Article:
U.S. Company Recieves Approval To Revive The Dead

May 4, 2016

Written by Kelli Marchman McNeely

Kelli Marchman McNeely is the owner of HorrorFuel.com. She is an Executive Producer of "13 Slays Till Christmas" which is out on Digital and DVD and now streaming on Tubi. She has several other films in the works. Kelli is an animal lover and a true horror addict since the age of 9 when she saw Friday the 13th. Email: [email protected]

A group of scientist, standing beside an operating table, machines chirping and ventilators pumping. Slowly a doctor sinks a long needle, filled with cells and chemicals, into the brain-stem of a brain-dead patient, with the hopes of reactivating their brain and bring them back to life. No, it’s not a scene out of Frankenstein. It will soon be a reality.




Bioquark, a U.S. biotech company, has been granted permission by a review board to begin human trials in both the U.S. and and India. The company will start with 20 brain-dead patients for their highly controversial study, known as the ReAnima project, beginning next year.




Dr. Calixto Machado, a member of the American Academy of Neurology, is a well known neurological researcher, will be one of the doctors on the team. Their “subjects” have all been medically certified as being brain dead, meaning that the only thing keeping their bodies alive are life support machines. Their spinal cords will be injected with stem cells, infusions of chemicals, and will have nerve stimulation procedures. The patients will then be monitored in between procedures over several months in hopes that the subjects’ brain might begin to rebuild itself. The first trials will begin at Anupam Hospital in Rudrapur, Uttarakhand in India.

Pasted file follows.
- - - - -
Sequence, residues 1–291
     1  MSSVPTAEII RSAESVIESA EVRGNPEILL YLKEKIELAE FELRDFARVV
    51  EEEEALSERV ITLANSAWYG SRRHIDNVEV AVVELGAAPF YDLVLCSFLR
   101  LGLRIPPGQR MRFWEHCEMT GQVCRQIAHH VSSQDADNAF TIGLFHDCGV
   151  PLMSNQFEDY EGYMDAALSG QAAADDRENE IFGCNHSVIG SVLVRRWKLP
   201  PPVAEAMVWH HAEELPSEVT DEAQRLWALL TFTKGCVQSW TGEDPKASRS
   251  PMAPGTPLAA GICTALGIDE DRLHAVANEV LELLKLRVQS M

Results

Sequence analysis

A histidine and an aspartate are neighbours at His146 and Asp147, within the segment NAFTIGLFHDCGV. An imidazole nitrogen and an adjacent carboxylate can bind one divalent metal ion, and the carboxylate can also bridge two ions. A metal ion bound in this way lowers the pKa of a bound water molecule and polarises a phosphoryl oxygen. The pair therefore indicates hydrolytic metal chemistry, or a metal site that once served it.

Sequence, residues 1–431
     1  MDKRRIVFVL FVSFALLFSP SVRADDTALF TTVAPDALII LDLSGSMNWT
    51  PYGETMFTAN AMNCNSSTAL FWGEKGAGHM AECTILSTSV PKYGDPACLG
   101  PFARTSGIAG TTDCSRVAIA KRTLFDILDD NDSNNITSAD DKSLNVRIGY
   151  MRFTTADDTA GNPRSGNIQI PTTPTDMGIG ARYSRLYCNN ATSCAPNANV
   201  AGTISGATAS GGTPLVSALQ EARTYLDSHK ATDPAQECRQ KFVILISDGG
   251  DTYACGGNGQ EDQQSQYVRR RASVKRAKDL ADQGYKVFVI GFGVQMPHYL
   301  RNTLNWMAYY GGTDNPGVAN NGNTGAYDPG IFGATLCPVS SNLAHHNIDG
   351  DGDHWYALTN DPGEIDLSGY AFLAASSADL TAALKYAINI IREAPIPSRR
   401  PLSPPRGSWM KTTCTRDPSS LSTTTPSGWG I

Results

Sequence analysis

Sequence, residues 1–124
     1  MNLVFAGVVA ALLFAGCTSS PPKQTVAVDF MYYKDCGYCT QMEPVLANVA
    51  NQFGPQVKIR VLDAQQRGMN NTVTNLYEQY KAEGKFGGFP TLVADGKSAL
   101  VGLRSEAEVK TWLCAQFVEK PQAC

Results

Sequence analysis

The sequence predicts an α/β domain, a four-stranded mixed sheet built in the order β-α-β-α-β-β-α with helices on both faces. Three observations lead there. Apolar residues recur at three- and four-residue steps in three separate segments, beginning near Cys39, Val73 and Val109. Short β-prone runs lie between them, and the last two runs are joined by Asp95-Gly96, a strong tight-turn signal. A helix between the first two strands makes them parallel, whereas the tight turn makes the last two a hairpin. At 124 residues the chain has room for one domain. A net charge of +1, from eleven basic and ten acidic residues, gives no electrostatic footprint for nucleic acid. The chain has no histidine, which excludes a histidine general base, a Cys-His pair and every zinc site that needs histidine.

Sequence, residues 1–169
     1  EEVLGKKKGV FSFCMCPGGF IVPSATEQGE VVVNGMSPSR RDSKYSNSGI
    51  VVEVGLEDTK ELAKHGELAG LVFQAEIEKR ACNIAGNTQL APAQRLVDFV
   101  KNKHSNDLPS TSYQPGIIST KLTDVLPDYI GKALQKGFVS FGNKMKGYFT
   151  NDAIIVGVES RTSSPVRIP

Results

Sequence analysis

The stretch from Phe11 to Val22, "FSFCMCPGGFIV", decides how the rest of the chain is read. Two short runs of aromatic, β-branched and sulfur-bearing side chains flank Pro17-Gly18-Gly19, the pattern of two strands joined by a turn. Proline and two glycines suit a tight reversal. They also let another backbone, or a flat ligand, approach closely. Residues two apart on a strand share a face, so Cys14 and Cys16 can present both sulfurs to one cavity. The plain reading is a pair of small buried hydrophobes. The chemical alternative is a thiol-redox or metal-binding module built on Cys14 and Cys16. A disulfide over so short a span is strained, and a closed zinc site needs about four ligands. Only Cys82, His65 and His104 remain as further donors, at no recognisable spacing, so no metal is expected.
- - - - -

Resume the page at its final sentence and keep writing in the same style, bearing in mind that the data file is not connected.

ReAnima’s goal for the first round of testing will be to reactivate patients’ basic biological functions, such as breathing without the use of  machines, ect…

To undertake such a complex initiative, we are combining biological regenerative medicine tools with other existing medical devices typically used for stimulation of the central nervous system, in patients with other severe disorders of consciousness,” Bioquark’s CEO Ira Pastor stated in a recent interview with the Telegraph. “We hope to see results within the first two and three months.

It would be a huge leap in science to be able to revive patients who have lost all brain function. But I can’t help but wonder what patients’ quality of life might have.

So, what is your opinion on this? Is this how the zombie apocalypse begins?


Sources: The Business Insider, Daily Telegraph, Bioquark  

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